In 1994, Troy was elected to a six-year leadership assignment in the Passionist General House in Rome by his colleagues and he accepted their judgment that he could do this work. He loved Rome and he studied at the Angleicum University for a year after completing his assignment. He had no interest in climbing the Vatican career ladder but loved rambling the streets, “seeing the church on the ground” and speaking with people in his rudimentary Italian.
However, in 2001, after seven years in Rome, he received another call from his provincial superior. This time he was to be sent as Parish Priest to the Holy Cross parish in the Ardoyne area of north Belfast.
The Troubles hadn’t ended with a stroke of a pen with the 1998 Good Friday Agreement (GFA) peace agreement and Troy read about the Holy Cross dispute and protests, which had broken out on June 19, 2001, before being sent to take up his new post.
Just three years after the GFA agreement was signed, the Holy Cross Catholic primary school for girls, and Troy himself, would be at the center of international attention. Ardoyne had become segregated between Catholics and Protestants during the Troubles and a 40-foot-high wall (known as a "peace line") was built to separate the two communities. The girls' school was at the top of a housing estate in the middle of a Protestant area through which loyalists marched every July. Feeling short-changed under the GFA, the loyalist protesters didn’t want the school girls using the road.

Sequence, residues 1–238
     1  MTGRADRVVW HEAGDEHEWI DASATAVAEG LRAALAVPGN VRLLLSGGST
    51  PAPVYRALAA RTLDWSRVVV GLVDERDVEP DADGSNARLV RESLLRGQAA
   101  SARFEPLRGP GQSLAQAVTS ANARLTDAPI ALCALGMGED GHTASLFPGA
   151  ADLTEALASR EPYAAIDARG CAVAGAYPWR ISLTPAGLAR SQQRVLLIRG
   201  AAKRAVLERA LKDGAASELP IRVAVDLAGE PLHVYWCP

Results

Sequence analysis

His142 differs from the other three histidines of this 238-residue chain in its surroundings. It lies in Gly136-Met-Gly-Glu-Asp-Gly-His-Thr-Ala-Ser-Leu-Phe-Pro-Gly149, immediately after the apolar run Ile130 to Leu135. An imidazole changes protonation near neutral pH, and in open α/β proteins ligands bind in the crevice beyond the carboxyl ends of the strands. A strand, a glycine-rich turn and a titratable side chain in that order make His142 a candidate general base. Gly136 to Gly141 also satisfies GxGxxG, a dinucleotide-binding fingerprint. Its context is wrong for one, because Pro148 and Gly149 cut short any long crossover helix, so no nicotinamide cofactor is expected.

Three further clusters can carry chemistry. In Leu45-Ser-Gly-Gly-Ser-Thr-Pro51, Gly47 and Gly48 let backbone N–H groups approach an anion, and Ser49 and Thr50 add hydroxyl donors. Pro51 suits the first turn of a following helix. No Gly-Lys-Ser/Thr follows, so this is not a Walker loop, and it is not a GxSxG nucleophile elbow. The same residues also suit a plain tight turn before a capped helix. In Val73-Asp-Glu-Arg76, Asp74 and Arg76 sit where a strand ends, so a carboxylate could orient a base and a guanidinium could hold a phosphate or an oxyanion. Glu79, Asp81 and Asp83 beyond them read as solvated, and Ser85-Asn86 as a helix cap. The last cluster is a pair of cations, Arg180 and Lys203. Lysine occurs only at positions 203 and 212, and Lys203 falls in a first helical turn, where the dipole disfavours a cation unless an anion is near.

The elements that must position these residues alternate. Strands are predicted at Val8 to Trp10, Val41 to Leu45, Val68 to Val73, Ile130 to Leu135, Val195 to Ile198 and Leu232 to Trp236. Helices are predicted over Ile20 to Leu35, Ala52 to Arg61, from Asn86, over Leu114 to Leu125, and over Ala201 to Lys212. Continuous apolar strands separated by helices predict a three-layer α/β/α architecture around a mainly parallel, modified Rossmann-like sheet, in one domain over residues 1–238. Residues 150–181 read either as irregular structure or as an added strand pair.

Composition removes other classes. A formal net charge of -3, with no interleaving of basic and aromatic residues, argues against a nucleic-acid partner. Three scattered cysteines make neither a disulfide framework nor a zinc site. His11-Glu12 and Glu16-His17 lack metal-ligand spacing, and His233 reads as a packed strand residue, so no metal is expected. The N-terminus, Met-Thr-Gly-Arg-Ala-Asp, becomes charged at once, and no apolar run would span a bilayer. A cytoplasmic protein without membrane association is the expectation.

He was only four weeks in his new job when he first accompanied 225 girls, aged between 5 and 11, on their traumatic walk to school. He only accepted his place at the head of the cortège when a parent explained to him, “You’ll be our insurance as you’ll be the live target. You being shot could avoid children being killed and as a priest, you won’t leave a family behind."
As he hadn’t expected to accompany them, he was dressed in his long flowing Passionist robes and thus attired, he took the school girls’ hands and stepped out.
A very tall man, and obviously a Catholic priest, he stood out like an ace of spades for the urine and hot tea balloon bombs and the insults aimed at him. The Holy Cross protests “saw images of Catholic schoolgirls running a gauntlet of abuse from loyalist protesters as they walked to school beamed across the world."
For three months, accompanied by a military and police escort, he would lead the school girls to the front door of their school, despite abuse and death threats.
Troy said, “The worst thing during those three months was the death threats."